By James Sawyer and Beata K. Spuhler

On April 4, 2013, U.S. Customs and Border Protection (CBP) announced, via the Federal Register, that it will be modifying and expanding its Centers of Excellence and Expertise (CEEs).  Building on its August 28, 2012, Federal Register publication, CBP announced it will open six new CEEs for the following industries: Agriculture & Prepared Products (Miami); Apparel, Footwear & Textiles (San Francisco); Base Metals (Chicago); Consumer Products & Mass Merchandising (Atlanta); Industrial and Manufacturing (Buffalo); and Machinery (Laredo).  CBP also expanded its regulations pertaining to CEEs.

In October 2011, CBP established the first two CEEs for the Electronics and Pharmaceuticals, Health & Chemicals industries.  With these CEEs, CBP hoped to facilitate trade, reduce transactions costs, increase compliance with applicable import laws, and achieve uniformity of treatment at the ports of entry for the identified industries.  The first two CEEs were staffed with employees who facilitated trade by providing account management for Customs-Trade Partnership Against Terrorism (C-TPAT) and Importer Self-Assessment (ISA) members in their respective industries.  The CBP employees engaged in risk segmentation, trade outreach and had the ability to review entries.  The CEE Directors made entry processing recommendations to the Port Directors concerning entries filed by the entities participating in their CEEs.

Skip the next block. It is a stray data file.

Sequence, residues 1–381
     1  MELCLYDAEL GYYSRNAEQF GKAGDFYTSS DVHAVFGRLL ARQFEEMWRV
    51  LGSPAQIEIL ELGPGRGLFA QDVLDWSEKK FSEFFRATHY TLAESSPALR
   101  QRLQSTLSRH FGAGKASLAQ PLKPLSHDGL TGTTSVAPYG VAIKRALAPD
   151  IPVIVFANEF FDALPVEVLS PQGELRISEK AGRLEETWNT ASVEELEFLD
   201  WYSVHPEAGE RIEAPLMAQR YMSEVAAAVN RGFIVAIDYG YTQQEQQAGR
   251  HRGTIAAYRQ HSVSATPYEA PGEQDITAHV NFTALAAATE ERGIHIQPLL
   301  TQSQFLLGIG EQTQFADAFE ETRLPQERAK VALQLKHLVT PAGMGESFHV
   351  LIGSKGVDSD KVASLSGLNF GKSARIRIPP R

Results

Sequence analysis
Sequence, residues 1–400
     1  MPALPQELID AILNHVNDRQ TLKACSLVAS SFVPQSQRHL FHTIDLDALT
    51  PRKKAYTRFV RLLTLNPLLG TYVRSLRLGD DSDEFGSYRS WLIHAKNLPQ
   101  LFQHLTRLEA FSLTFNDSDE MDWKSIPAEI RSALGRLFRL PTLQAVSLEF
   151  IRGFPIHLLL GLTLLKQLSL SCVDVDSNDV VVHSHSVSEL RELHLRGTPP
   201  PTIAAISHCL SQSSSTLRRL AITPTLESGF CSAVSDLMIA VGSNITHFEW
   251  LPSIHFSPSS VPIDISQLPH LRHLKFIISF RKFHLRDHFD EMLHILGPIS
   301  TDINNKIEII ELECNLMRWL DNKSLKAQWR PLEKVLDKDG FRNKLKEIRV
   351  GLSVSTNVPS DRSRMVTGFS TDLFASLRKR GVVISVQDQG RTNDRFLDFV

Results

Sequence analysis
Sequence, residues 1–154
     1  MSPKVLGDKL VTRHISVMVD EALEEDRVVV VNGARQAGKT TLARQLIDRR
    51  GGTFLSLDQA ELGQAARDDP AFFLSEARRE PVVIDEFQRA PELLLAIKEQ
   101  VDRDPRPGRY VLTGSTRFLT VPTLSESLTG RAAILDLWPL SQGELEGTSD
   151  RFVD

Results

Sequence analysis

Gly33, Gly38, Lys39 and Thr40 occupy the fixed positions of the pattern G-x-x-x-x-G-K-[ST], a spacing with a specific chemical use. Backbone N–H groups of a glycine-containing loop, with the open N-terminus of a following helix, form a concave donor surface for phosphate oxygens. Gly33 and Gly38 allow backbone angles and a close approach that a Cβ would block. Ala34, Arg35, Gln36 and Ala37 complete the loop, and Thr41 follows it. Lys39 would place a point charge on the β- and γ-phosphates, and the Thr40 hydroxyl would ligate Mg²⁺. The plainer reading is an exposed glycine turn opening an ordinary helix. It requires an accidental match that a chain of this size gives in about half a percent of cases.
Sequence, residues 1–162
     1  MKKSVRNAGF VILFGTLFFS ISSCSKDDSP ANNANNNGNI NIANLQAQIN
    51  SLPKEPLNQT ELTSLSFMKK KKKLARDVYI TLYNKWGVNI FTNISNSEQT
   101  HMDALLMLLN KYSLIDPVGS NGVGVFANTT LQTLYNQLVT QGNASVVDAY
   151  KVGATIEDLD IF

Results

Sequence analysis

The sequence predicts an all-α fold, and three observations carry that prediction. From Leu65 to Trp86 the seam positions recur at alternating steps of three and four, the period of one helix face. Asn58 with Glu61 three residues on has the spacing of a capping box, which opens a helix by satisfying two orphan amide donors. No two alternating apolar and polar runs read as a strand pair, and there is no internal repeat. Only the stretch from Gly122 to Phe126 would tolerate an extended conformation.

Due to the success of these first two CEEs, CBP announced in May 2012 that it would be opening two additional CEEs to facilitate entries for the Automotive & Aerospace and the Petroleum, Natural Gas & Minerals industries.  In August 2012, CBP announced a test to broaden the ability of the four CEEs to make decisions by waiving certain regulations to allow CEE Directors the authority to make decisions normally reserved for Port Directors.  CBP invited all businesses who met the eligibility criteria set forth in the announcement to apply for the test, including C-TPAT and ISA members.

CBP is now expanding the test to include the new CEEs. CBP is also expanding the list of regulations that will be waived with the hope that resting broad decision-making authority within the CEEs will better enable the centers to achieve CBP’s above-listed goals.  Specifically, when CEE participants file an entry in a port, the entry documents will be routed to the relevant CEE, with the CEE Director performing the following functions in lieu of the Port Director:

  • Making determinations, notifications and processing concerning duty refund claims under 19 U.S.C. § 1520(d);

  • Processing waivers of invoice requirements;

  • Handling requests for computed value information;

  • Making determinations concerning the time of submission for all entry summaries and estimated duties;

  • Issuing all Requests for Information (CF 28s) and Notices of Action (CF 29s);

  • Notifying and processing requests concerning any commingling of merchandise;

  • Processing requests to apply a computed value method of appraisement;

  • Handling requests for extension and suspension of liquidation;